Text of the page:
Modern contraception has given women and couples the means to control whether and when to have children. Moreover, it has had important public health consequences for women and families, and has advanced women’s self-sufficiency and their educational, social and economic opportunities and outcomes. Nonetheless, many women and couples find it difficult to avoid pregnancies they do not want, and to successfully time and space wanted pregnancies.
■ About half of U.S. pregnancies—more than three million each year—are unintended. By age 45, more than half of all U.S. women will have had an unintended pregnancy.
■ Barriers to access are particularly salient for those disadvantaged by their age or income. More than 19 million U.S. women need publicly supported contraceptive services. Of those in need, 5.8 million—or 30%—are uninsured.
■ The unintended pregnancy rate for poor women is more than five times that for higher income women.
Publicly Funded Family Planning Today
Government programs—notably, the Title X national family planning program and the joint federal-state Medicaid insurance program—have worked together for decades to improve access to contraceptive and related care. Typically, Medicaid pays for core clinical care, while Title X and other grant programs buttress the system of family planning centers and fill gaps in services and coverage.
■ Title X supports a diverse, nationwide network of health centers that provide family planning services. Health centers can use Title X’s flexible funding to bolster infrastructure, serve clients who are uninsured or unable to use their coverage because of concerns about confidentiality and meet their clients’ particular needs.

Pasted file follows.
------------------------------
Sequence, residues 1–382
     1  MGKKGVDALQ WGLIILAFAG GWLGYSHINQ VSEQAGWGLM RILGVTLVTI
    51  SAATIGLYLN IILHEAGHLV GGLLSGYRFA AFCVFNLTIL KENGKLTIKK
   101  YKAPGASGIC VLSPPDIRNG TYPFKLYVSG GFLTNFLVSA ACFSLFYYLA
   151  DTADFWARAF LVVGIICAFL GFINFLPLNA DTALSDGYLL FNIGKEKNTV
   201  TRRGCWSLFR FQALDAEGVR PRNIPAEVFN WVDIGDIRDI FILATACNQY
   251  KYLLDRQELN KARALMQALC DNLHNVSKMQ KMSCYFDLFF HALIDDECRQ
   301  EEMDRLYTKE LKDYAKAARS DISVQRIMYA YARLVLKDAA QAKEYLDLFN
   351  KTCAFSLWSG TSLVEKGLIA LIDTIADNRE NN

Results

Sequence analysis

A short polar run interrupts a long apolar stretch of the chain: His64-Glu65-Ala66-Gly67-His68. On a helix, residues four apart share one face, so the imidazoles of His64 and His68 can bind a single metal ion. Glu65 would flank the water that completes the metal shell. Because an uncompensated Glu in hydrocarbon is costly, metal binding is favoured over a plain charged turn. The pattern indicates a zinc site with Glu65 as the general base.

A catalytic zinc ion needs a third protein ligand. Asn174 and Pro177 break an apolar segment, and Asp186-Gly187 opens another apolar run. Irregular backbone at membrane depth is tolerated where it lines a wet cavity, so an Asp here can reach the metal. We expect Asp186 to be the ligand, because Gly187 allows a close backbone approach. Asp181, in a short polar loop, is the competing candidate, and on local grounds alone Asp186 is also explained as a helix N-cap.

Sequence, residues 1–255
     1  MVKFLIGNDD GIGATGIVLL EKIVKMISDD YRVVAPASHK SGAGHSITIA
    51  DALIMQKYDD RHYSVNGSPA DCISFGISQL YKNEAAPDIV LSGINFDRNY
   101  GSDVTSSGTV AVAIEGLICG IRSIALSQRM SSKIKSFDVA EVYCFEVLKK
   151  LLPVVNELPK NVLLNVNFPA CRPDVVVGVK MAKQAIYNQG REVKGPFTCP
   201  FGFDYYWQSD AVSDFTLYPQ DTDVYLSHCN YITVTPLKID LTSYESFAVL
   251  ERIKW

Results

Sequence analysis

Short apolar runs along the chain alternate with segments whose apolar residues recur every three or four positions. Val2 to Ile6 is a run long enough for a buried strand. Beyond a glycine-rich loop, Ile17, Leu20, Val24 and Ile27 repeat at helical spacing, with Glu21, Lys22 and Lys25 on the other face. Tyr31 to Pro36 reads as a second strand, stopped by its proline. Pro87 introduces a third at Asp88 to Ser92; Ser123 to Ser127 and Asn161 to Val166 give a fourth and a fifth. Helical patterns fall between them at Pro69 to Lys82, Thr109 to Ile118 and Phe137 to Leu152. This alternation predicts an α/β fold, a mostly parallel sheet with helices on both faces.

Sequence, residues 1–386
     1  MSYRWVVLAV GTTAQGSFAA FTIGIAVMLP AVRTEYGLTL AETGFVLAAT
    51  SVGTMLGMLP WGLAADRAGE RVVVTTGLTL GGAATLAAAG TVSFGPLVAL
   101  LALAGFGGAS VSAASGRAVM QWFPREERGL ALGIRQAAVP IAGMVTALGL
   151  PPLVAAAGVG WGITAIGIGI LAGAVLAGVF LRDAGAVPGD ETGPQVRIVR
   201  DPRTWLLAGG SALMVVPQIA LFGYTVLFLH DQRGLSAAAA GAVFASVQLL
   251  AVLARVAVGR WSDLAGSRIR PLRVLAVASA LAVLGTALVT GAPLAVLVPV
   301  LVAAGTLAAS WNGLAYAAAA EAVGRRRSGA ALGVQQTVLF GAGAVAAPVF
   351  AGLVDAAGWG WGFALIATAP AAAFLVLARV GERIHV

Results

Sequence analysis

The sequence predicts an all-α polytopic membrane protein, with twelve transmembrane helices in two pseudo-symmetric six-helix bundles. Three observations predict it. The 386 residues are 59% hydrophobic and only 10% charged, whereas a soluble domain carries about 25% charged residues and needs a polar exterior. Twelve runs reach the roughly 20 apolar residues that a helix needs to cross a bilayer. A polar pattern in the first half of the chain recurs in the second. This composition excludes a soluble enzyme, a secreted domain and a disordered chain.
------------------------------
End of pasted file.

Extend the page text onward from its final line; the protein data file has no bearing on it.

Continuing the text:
■ The Title X program sets standards for the provision of publicly supported family planning services across the United States, ensuring that care is voluntary, confidential, affordable and effective. Title X–supported health centers generally provide higher quality contraceptive care than other providers, including methods provided on site, protocols to help women avoid gaps in use and in-depth counseling tailored to clients’ needs.
■ Over the past two decades, Medicaid has become the dominant source of public family planning spending. Medicaid’s increased role has been buoyed by expansions of Medicaid coverage specifically for family planning in many states since the mid-1990s.
The Impact of the U.S. Family Planning Effort
Research demonstrates the impact of the publicly funded family planning effort for women, families and society by expanding contraceptive use, preventing unintended pregnancies, and improving maternal and child health.
■ In 2010, 8.9 million clients received publicly funded contraceptive services—47% of women in need of publicly supported care. Family planning centers provided services to 6.7 million contraceptive clients; Title X– supported centers served seven in 10 of those clients.
■ Health centers are many women’s entry point into the health care system, and the package of sexual and reproductive health services provided is at least as comprehensive as during an annual exam by a private doctor. Thus, it is no surprise that six in 10 women who obtain care at a center consider it their usual source of medical care, and for four in 10, that center is their only source of care.
■ By providing millions of women with access to contraceptive services they want and need, publicly funded family planning in 2010 helped women to avoid 2.2 million unintended pregnancies. Without these services, the rates of unintended pregnancy, unplanned birth and abortion would be 66% higher than they currently are.
■ Every public dollar invested in helping women avoid pregnancies they did not want to have saves $5.68 in Medicaid expenditures that otherwise would have gone to pregnancy-related care; in 2010, that amounted to a net government savings of $10.5 billion.
Expanding Coverage in the Era of Health Reform
Expansions in public and private health insurance under the Affordable Care Act (ACA) mean that more women and men are gaining coverage for family planning and related reproductive health services. To thrive under health reform and best serve their clients, publicly supported health centers will need to become very good at working with and securing contracts from the health plans that dominate the public and private insurance markets.